According to new guidance issued by the FDIC, if a state bank or its subsidiary engages in an activity that the OCC has determined to be permissible for a national bank or its subsidiary, the state bank must maintain certain documentation of that determination if it does not submit an application or notice to the FDIC under Part 362 of the FDIC’s rules and regulations. The November 19 guidance, released as FDIC Financial Institution Letter FIL-54-2014, explains that such documentation may take the form of a legal opinion from the bank’s counsel, a copy of a relevant statute or OCC regulation, a copy of a relevant OCC circular, bulletin, order, or interpretive letter, or other written documentation satisfactory to the FDIC. According to the guidance, if an activity has been deemed permissible for a national bank but subject to certain conditions or restrictions imposed by the OCC, a state bank generally must abide by the same conditions or restrictions if it wishes to conduct the activity without first obtaining FDIC approval. Documentation that the state bank has satisfied (and continues to satisfy) any such conditions or restrictions should likewise be included in the bank’s files. All such documentation is subject to examination by the FDIC, and the FDIC may require the bank to file an application or notice if the FDIC determines that the activity has not been determined to be permissible for a national bank or if the state bank fails to satisfy the OCC’s conditions or restrictions.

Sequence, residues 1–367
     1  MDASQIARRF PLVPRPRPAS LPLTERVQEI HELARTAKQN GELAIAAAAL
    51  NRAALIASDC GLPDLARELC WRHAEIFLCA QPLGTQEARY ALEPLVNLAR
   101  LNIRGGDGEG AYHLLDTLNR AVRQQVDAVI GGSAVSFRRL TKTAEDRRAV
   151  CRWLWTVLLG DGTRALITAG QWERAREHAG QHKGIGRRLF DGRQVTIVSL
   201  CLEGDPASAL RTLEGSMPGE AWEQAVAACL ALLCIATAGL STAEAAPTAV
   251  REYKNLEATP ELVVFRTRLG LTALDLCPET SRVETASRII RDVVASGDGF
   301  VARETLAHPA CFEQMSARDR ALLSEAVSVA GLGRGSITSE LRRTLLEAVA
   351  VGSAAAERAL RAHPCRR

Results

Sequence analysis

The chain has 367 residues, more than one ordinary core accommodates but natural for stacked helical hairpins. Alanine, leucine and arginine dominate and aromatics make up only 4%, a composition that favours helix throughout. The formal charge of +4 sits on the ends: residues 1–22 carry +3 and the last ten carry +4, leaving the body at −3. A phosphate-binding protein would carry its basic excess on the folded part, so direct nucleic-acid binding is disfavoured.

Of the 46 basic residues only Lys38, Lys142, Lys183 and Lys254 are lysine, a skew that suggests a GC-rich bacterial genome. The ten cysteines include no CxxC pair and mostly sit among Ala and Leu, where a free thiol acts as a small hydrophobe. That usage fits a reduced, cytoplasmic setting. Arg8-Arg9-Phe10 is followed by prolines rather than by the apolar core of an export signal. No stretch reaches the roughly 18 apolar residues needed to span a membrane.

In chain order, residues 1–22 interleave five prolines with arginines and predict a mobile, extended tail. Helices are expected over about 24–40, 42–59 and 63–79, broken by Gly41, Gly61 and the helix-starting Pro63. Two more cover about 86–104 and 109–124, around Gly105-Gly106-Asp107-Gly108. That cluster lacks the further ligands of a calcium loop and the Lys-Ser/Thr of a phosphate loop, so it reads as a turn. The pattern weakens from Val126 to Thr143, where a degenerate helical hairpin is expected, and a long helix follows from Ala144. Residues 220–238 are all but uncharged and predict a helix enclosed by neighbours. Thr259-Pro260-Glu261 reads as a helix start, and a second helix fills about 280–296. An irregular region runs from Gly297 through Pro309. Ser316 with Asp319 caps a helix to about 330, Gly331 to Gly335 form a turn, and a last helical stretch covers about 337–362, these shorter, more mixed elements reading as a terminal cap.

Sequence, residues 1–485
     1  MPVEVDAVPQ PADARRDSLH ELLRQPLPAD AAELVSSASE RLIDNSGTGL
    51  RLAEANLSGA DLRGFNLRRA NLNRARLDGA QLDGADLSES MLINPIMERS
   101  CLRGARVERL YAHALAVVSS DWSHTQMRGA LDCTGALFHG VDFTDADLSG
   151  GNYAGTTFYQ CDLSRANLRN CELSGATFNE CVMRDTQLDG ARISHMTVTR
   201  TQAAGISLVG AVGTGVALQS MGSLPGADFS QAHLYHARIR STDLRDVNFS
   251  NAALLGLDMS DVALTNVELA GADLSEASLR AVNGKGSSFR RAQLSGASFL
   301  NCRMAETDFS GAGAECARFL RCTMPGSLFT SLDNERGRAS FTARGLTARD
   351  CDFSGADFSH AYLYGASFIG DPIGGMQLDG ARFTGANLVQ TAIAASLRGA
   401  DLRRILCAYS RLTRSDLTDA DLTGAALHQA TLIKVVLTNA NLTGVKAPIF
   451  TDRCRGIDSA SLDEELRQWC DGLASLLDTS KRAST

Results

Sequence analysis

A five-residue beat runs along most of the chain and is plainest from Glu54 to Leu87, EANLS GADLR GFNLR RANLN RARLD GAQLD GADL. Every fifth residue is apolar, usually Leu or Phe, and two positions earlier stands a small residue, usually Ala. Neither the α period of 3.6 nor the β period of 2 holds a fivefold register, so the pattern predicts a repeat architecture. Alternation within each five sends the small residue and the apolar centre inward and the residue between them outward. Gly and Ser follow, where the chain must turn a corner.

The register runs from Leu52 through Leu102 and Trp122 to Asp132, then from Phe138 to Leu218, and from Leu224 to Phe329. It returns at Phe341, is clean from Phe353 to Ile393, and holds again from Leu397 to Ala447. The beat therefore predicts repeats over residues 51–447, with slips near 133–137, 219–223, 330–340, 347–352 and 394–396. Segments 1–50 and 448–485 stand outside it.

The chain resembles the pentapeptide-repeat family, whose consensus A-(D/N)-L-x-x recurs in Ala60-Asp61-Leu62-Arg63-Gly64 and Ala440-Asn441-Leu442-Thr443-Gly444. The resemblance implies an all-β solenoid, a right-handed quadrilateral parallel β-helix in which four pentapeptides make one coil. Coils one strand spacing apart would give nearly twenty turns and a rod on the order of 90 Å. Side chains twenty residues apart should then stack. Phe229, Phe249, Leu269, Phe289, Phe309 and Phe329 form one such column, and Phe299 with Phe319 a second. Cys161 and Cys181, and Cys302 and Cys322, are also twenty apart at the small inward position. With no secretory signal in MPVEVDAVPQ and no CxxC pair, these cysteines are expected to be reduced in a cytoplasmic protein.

Nutter Notes: Part 362 implements the provisions of the Federal Deposit Insurance Act that restrict and prohibit state banks and their subsidiaries from engaging in activities and making investments that are not permissible for national banks or their subsidiaries. For the purpose of the FDIC’s guidance and Part 362, the term “activities permissible for a national bank” refers to any activity authorized for national banks under any statute including the National Bank Act, and activities recognized as permissible for a national bank in regulations or written interpretations of the OCC. A state bank that wishes to engage in an activity permissible for a national bank, subject to the same conditions or restrictions imposed by the OCC, is not required to file an application or notice with the FDIC. However, a state bank that wishes to engage in an activity that has not been determined by the OCC to be permissible for a national bank must file an application or notice in accordance with the FDIC’s regulations at Part 362 even if the activity is authorized by applicable state law. The guidance notes that some activities are exempt from Part 362 and, as a result, the documentation requirements described in the guidance. For example, Part 362 generally does not cover activities conducted other than as principal, real estate used (or intended to be used) as bank facilities, public welfare investments, or equity investments acquired in connection with debts previously contracted. The guidance reminds banks to ensure that exempt activities are conducted in a safe and sound manner.